How does it work? Africa Inland Mission has made a monthly budget for us – based on experience – to live and work as missionaries on Madagascar. The mission organisation is not our employer, but is itself dependent on gifts. Consequently, we are not paid any wages but are responsible ourselves for finding sponsors to help us on our way.

You can support us periodically (monthly / quarterly / annually) or one-off. Find out more about how to give here. We value any support given.

Different Location

Different Location

Last month has been intense for us. We got word that, on second thought, we could not join the Betroka team. It was a pretty hard blow to take. As we understand, the teamleaders feel that they will not be able to give us the support we – as newcomers – will need with. Apparently the current situation on the field is already demanding enough. This has been very disappointing to us.

The good news is that a very fitting solution has been found. The unit leader of Madagascar has offered us to start our ministry in the capital, Antananarivo (Tana for short). We will be part of a ministry that trains Malagasy Christians to become missionaries to unreached people groups in their own country. Meanwhile we will learn the language, study the culture and gain insight into the vision and strategies of AIM Madagascar.

There are still many unreached people groups on Madagascar, especially in the south where also the Bara are located. AIM is surveying what people groups still need to be reached and what means and methods might be suitable to that end. In time we will be able to travel to different locations and people groups to see for ourselves and to help in the survey. Lord willing, we will be part of a new ministry to an unreached people group.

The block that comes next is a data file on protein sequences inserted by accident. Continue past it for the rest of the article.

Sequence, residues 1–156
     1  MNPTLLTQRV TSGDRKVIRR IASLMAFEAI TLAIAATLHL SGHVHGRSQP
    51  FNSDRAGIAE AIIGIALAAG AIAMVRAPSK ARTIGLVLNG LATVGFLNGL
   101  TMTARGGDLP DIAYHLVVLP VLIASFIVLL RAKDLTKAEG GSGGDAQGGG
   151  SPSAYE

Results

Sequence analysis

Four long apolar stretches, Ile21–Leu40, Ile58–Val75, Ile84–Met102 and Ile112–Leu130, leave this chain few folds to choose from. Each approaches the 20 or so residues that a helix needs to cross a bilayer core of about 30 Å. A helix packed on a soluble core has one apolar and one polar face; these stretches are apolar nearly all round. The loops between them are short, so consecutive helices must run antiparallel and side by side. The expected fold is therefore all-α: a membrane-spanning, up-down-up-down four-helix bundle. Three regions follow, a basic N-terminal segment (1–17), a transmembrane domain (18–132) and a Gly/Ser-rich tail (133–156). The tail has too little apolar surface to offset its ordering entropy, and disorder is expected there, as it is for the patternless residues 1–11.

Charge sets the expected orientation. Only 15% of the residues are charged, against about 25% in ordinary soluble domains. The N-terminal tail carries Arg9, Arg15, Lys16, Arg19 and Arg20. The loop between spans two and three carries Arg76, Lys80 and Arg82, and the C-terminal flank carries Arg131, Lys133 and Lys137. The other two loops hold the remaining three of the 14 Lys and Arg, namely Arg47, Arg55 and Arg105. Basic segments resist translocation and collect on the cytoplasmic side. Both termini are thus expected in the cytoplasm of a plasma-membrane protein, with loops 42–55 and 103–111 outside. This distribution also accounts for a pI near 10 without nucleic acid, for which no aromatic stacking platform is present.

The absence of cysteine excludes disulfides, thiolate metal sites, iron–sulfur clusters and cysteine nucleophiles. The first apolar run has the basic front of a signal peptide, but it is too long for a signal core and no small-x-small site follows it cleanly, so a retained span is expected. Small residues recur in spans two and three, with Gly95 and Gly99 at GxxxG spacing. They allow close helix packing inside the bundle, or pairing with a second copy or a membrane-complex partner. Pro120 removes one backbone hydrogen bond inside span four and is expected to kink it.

We look forward to our envolvement in the training of Malagasy missionaries and – in time – in starting a new ministry amongst an unreached people group of Madagascar.

The ideal is that we leave for Tana in January 2015. To be able to go we need enough financial support. Would you like to be part of our ministry to the unreached peoples of Madagascar? We thank you deeply if you do.

Another Move

Another Move

It is almost half a year since we left England to return temporarily to the Netherlands. We had hoped to be sent to the mission field this spring, but we have learned this is not so. If we become members of Africa Inland Mission (AIM) and serve on one of their teams, we expect to go to Africa no sooner than in 2014. We have changed our mindset and accepted that we are in Holland for a longer time than anticipated.

A longer stay means we are in need of a long term house. It was very difficult to find a house, but the Lord has provided. Next month we hope to move to the center of Den Helder, the northwest tip of the Netherlands. Jurgen and Issa have already started to build a closet and two desks for the new house.

The past few months have not been easy. There was much uncertainty as to when we would be able to go to Africa, whether we would be allowed to continue home education, and with respect to our new house. We are thankful that these things have all worked out, but we would very much appreciate your prayers for peace in our family. Although we see ourselves grow in the capability of adapting to changing circumstances, it can still feel like tidal waves are coming over us sometimes. That is not a nice feeeling. We won’t give up, but please don’t give up on praying for us either!